Friday, 27 January 2012

Wonders in the sky

Winter sunset with a halo. (Click on image for a larger view.)

Despite the slow onset, we now have a proper winter, although milder than average. The weather has been a bit colder and frost and clearer skies generally go hand in hand. So we’ve been fortunate enough to witness an atmospheric phenomenon we had almost forgotten: we have seen some actual daylight. Of course, you need to be alert to spot the sun itself but now that it rises just a little bit above the rooftop of our old cow house there may be a chance even for me if I’m really lucky.

The other day, we were driving southward at around the time (3:15 pm) the sun was starting to set and saw the above rainbow-coloured halo on both sides of the sun. I’m always carrying my camera these days so we stopped for a while and I was able to capture this fascinating optical phenomenon, which is created when the sun (or moon) is shining through ice crystals in thin clouds.

We once observed a short spectrum-coloured stretch of a halo in the summertime in broad daylight but we had never witnessed this with the setting sun so I had to find out more about halos. I learned that they are, in fact, even more common than rainbows although many people have never noticed one. This is because halos are often formed so close to the sun that it is impossible to distinguish them with the naked eye.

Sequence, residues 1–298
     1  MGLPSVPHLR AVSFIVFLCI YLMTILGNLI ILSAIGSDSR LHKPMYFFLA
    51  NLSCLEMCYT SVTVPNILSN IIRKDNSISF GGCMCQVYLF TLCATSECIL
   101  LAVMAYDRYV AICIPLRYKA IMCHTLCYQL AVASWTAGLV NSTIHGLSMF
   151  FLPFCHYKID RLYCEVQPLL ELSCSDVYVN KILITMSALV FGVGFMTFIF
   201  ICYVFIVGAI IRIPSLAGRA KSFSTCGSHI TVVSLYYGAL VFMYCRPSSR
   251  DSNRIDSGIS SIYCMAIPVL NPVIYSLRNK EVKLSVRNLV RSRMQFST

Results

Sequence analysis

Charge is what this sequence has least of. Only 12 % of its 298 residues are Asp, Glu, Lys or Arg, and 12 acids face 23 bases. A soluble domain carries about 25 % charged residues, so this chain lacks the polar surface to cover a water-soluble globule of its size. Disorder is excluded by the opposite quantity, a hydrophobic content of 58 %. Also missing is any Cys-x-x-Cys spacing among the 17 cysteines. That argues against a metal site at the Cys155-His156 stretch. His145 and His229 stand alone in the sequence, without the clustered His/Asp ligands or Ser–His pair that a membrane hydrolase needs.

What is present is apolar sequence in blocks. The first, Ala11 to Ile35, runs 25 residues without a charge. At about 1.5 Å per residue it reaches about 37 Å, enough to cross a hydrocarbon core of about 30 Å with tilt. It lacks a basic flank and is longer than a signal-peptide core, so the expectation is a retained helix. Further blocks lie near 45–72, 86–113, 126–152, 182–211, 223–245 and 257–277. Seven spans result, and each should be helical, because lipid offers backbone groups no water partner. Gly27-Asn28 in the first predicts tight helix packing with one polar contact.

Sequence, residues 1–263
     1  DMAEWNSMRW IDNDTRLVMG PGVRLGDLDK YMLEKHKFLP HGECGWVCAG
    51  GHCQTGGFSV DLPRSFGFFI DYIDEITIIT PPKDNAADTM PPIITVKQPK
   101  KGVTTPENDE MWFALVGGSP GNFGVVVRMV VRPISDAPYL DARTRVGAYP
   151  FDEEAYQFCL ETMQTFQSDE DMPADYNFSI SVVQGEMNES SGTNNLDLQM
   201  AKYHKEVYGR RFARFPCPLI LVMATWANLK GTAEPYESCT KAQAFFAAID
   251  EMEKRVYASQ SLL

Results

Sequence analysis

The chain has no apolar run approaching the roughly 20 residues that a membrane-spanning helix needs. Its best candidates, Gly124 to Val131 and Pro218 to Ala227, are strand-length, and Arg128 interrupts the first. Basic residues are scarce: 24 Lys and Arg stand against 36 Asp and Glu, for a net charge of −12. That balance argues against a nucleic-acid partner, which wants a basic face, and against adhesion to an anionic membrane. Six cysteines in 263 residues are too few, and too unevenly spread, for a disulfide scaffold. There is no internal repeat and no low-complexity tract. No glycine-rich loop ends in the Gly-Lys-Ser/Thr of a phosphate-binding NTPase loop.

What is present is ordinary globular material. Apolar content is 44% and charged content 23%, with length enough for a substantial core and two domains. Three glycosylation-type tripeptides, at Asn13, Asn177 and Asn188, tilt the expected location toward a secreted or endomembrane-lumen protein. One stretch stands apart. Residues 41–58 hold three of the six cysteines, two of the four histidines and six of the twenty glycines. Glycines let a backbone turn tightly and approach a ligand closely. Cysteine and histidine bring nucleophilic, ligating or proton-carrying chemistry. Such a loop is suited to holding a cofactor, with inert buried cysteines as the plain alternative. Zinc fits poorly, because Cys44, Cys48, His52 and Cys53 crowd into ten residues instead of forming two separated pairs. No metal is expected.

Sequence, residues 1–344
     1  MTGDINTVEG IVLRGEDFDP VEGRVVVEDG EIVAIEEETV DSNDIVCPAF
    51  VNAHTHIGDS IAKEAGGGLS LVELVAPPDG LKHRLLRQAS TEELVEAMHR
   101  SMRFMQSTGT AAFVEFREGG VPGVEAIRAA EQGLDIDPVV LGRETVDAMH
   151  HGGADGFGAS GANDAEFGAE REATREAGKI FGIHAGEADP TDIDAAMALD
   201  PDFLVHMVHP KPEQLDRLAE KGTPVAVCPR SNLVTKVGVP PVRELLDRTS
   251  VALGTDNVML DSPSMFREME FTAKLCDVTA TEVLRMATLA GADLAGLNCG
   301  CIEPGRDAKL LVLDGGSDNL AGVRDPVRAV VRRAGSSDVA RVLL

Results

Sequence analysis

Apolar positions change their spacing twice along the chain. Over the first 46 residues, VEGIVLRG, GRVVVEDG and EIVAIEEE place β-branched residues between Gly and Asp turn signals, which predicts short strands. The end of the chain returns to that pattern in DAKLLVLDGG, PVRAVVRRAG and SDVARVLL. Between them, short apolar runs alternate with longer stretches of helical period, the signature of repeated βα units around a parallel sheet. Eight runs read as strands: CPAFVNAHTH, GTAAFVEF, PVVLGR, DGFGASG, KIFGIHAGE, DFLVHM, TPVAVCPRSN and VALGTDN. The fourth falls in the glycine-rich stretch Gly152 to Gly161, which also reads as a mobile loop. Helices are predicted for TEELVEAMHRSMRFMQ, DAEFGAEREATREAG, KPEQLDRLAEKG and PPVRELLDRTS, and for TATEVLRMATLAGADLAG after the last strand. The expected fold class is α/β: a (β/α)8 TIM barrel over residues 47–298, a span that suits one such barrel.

A halo in full summer daylight.

But by far the most stunning shows ever to be seen in the sky are, of course, the northern lights or aurora borealisThey occur particularly in the high latitude regions and are created when particles discharged by the sun reach the Earth’s atmosphere. Nevertheless, living in the north doesn’t automatically mean you will see them often as their occurrence depends on the sun’s activity and their visibility on the conditions: it must be dark and the sky must be clear. And you need to stay outdoors in the cold waiting for them to appear.

Earlier this week the news reported that a massive sun storm would start colliding with the Earth's magnetic field and northern lights might be visible not only in the polar region but probably even as far south as in the UK. A location away from any artificial light, such as our place in the country, is the most ideal for viewing the aurora but now the sky was completely covered by clouds and there was nothing to be seen.

Some years ago I did see a fantastic display of northern lights here in Southern Finland but only because my daughter happened to take the dog out after midnight and fetched me to see them. This week the skies were clear mainly in the more northern regions and the auroras may have looked something like the spectacular ones on this striking video shot last year in Finnish Lapland. What a wonder!

Our regular sunset these days.

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